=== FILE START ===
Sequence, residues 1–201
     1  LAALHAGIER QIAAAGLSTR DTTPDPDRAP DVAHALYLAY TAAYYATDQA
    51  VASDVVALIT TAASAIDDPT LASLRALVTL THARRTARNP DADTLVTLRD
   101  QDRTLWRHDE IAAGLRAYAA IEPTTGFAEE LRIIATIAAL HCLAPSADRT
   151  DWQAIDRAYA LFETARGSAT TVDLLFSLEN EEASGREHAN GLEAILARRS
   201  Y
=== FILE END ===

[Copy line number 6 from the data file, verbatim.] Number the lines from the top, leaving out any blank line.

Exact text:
   201  Y